Wildfire threatens urban area in Sweden

Above: a water scooping air tanker based in Italy drops water on a fire in Stockholm, Sweden June 15, 2018.

A wildfire in the Nacka area of Stockholm, Sweden burned close to an urban area on Friday. In addition to firefighters on the ground, scooping air tankers from Italy were seen working the fire.

Local authorities said Saturday morning that the fire’s spread had been stopped:

We are in place and work with the remaining fires. It no longer burns up in trees or bushes, but down in the vegetation, moss roots and the like. We have the fire surrounded and it is controlled, but there is a lot to do in the area, “says operative manager Per Tillander, at Södertörn’s Fire Defense Association.

The fire department will remain at least throughout the day and probably also on Sunday.

There is still smoke from the fire, which covers 90 hectares, but the smoke is much more diluted than yesterday, and it is more about smoke smell than smoke.

More moderate weather affects Trail Mountain Fire in Utah

Above:  The Redding Hotshots conduct a safety briefing before beginning their assignment on the Trail Mountain Fire. U.S. Forest Service photo.

Below is information about the Trail Mountain Fire in central Utah, provided by the Incident Management Team Saturday morning, June 16, 2018.

“[Friday], at approximately 12:00 p.m., Emery County Sheriff’s Office and the Utah Highway Patrol closed Highway 31 through Huntington Canyon but it remained open up to Bear Creek Canyon. Increased fire activity had created thick smoke and poor visibility on the highway. Additionally, firefighters and equipment were working directly along the highway. Despite this increased fire activity, evacuations were lifted for the Trail Canyon community. Highway 31 will be constantly monitored today and reopened as soon as conditions allow.

“Firefighters contained a large portion of the fire perimeter Friday on the southern portion near Trail Mountain and Whetstone Creek. The overall percentage of containment does not reflect this containment yet due to fire growth of about 3,000 acres yesterday into Little Bear Canyon and up Mill Fork Canyon. The fire also reached the ridge just south of Crandall Canyon. Firefighters thinned vegetation and installed sprinkler systems around the Crandall Canyon Mine Memorial and adjacent areas.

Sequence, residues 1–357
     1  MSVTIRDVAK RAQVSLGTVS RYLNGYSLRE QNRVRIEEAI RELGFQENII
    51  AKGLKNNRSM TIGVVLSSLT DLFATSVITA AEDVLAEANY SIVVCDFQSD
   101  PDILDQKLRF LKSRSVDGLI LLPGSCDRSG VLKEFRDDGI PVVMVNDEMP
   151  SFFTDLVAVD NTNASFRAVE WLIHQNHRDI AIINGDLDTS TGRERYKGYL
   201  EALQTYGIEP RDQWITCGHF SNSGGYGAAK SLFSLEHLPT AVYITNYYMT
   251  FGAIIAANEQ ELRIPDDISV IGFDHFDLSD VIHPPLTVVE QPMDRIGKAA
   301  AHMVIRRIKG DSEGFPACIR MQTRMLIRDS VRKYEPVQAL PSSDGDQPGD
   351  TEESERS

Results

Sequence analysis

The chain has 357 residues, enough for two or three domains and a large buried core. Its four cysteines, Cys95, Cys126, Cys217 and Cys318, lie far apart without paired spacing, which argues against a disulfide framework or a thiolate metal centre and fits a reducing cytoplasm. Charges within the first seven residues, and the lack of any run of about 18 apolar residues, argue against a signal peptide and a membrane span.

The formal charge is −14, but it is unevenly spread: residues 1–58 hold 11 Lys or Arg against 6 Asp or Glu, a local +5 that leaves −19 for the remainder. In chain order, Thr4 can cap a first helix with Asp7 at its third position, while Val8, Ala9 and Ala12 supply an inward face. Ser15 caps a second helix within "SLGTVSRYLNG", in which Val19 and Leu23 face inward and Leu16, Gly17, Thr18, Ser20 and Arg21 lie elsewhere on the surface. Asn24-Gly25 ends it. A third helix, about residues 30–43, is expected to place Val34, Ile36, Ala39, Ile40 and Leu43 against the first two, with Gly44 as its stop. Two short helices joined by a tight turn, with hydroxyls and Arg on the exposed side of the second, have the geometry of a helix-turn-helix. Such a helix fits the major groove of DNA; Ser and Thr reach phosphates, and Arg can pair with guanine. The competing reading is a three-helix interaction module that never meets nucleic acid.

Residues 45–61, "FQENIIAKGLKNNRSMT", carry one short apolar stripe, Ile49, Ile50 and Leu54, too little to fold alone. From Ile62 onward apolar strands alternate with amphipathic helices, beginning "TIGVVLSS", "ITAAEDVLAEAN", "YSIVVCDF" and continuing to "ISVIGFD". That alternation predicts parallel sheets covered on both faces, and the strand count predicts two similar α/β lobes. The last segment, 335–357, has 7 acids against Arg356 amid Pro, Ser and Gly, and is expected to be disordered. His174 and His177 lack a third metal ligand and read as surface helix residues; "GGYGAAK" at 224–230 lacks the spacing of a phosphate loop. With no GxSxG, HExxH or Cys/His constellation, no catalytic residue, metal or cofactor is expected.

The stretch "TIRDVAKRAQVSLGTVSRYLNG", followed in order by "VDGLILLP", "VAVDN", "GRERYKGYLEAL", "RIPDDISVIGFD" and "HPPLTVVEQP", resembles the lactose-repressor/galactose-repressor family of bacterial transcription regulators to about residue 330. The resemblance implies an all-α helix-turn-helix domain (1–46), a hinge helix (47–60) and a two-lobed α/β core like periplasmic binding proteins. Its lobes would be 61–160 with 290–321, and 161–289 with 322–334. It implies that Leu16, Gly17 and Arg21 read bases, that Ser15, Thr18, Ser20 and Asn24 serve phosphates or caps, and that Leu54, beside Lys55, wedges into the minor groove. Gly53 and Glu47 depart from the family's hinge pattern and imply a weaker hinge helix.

“Saturday’s cloudy weather, cooler temperatures, and higher relative humidity should reduce fire activity but will have little effect on the dead and dry vegetation that has allowed the fire spread. Possible thunderstorms could bring gusty winds that would also help the fire spread.”

Part of new book “Daredevil Dads” is about a smokejumper who became an air tanker pilot

(This article first appeared on FireAviation.com)

A book published this month has a chapter featuring a frequent contributor to FireAviation.com.  Johnny “Coldwater” Yount has written many comments on the site where he relies on his aviation and firefighting experience to contribute meaningfully to the discussions.

The book “Daredevil Dads” tells Johnny’s story from his first solo flight when he was 14 years old to his experiences with crop dusters, smokejumping, helitack, and air tankers. From my interactions with Johnny, I have seen that he does not seek the limelight or continually remind everyone about his experiences and qualifications, but author Tam Rodwell was able to get him to discuss his extraordinary aviation and firefighting careers.

book Daredevil Dads smokejumper air tankerThe book covers several near misses, including the time the engine on his crop duster disintegrated while flying close to the ground leaving him in a small plane with heavy loads of fuel and fertilizer. The aircraft hit a muddy field  then cartwheeled and ejected him 50 yards away, still belted to his seat and suffering from a concussion. After being released from the hospital he discovered that he had temporarily acquired what we might loosely call today a super power. But I won’t spoil it for you.

The book also has chapters about 14 others with unique and dangerous occupations, including astronaut, ultimate fighter, bomb disposal, human cannonball, and a high-wire walker.